By Jordan W. Charness

Jack is a really good friend of mine. He is a top-notch lawyer and one of the senior partners in a large firm. He’s a pretty smart guy; he would have to be, given that he is an expert in tax law, which has to be one of the most complicated and difficult areas of the field. Perhaps it’s because he is such an expert in his field that he knows so little about mine.

Over the years, I’ve had the pleasure of representing extended members of his family for various traffic tickets and offences, most of which were really not deserved. I was, however, pretty surprised when he called me last week to say that he himself had received a traffic ticket.

I asked him what type of offense he had been cited for, and he said it was a parking ticket. My advice was swift and immediate: “Pay the ticket,” I told him.

“But you haven’t even heard my story,” he replied.

“I know,” I said, but it was only a $23 parking ticket and even if he was right, the time and energy that we would have to expend defending it wasn’t worth it.

That is actually a flaw in our legal system, in that defending something as small as a parking ticket will often cost more in time and lost wages than it would to pay a traffic ticket that really isn’t deserved.

There are some jurisdictions that are making it easier to contest your ticket, either at night or even in writing, but for the most part the system still makes it a very difficult thing to do.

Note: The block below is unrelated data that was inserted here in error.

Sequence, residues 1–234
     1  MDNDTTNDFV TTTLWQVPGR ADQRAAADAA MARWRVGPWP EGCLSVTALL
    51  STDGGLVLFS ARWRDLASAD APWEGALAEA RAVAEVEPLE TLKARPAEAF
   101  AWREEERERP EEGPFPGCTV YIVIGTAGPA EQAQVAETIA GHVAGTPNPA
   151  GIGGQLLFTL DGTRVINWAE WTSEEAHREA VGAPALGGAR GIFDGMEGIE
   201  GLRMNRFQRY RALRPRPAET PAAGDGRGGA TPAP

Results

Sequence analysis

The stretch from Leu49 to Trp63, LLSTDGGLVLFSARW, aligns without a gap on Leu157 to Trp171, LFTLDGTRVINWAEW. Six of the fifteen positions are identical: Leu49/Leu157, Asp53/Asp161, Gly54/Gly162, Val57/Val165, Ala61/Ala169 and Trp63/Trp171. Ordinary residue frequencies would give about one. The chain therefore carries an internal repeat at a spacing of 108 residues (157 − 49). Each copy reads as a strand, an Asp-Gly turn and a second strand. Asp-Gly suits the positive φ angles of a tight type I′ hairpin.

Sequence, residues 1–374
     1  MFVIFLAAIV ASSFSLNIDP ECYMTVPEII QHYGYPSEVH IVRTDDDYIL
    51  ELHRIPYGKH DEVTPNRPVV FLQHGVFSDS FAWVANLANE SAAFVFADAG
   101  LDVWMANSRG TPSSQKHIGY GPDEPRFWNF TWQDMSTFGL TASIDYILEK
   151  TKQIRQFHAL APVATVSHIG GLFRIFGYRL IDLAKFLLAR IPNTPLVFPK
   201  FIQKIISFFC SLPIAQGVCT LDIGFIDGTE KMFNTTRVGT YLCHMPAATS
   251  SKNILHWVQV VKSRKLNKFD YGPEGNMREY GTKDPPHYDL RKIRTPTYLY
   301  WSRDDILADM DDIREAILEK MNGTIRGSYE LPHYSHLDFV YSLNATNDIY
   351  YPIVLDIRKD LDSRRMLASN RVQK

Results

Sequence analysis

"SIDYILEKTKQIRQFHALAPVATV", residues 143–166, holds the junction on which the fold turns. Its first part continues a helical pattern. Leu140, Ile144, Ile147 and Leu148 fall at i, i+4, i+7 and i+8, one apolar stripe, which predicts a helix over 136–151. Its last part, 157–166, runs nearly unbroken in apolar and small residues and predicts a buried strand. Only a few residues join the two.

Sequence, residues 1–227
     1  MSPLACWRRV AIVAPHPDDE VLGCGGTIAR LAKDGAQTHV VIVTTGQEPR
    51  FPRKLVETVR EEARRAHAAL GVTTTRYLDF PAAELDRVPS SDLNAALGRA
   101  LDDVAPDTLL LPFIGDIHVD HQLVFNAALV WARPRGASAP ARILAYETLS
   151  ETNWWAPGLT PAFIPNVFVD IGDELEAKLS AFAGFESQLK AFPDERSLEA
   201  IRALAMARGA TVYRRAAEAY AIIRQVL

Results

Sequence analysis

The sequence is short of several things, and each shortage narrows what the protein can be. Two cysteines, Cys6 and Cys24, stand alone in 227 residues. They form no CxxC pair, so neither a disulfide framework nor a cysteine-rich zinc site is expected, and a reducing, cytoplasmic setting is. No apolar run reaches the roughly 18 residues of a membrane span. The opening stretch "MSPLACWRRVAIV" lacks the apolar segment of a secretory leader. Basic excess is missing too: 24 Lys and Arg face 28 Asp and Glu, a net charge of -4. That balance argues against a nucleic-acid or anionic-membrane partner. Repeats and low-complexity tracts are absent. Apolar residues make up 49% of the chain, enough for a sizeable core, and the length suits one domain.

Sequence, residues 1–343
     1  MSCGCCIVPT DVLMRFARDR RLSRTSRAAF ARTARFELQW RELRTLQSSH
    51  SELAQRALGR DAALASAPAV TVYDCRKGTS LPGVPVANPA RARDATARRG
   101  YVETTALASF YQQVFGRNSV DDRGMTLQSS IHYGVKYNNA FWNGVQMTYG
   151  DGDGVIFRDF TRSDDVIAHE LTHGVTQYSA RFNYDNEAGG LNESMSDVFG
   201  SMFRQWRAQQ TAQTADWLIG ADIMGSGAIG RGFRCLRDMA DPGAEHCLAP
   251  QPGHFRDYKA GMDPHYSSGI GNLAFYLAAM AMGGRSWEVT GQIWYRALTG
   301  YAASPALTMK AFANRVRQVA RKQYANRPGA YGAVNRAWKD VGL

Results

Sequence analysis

But back to Jack…

Jack insisted that he was in the right. He said that the parking meter was one of the type that had two parking meters on the same pole. What happened to him was that he had parked in one spot, but accidentally put money in the meter for the other spot. Once again, my advice was swift and immediate.

“Pay the ticket,” I said.

But Jack wasn’t finished. He said that logically he felt that he had a case. After all, the city did indeed get paid for parking and he had been the one doing the paying. According to his logic, even though he paid for the wrong spot, the city had been paid and therefore suffered no loss.

I pointed out to him that there was a certain flaw in his logic. The city could rightfully expect to earn revenue from both parking spots. In fact what had happened here was that the city did get paid for one parking spot but not for the one where Jack had parked. Therefore, I pointed out, the city had indeed lost revenue since it had only been paid for one spot and not two.

But Jack wasn’t finished. He said that he was willing to testify that no one had parked in the other spot where he had paid and therefore in reality the city really did not lose and has been paid for all the people parking in the spots during that two-hour period.

“Pay the ticket,” I said.

After all, I pointed out that even if no one had actually parked in that spot, and even if he had actually been looking at that spot for the entire two hours, the city could reasonably expect that someone might be parking in that spot and they might indeed be earning revenue from the two of them.

Jack wasn’t entirely happy but did finally see the logic and the flaws in his case. Just to be nice, I did offer to make the ticket go away for only $30. When he asked what I was going to do, I told him that the solution was simple. I would pay the $23 ticket and use the other seven dollars to buy an expensive coffee… on him.

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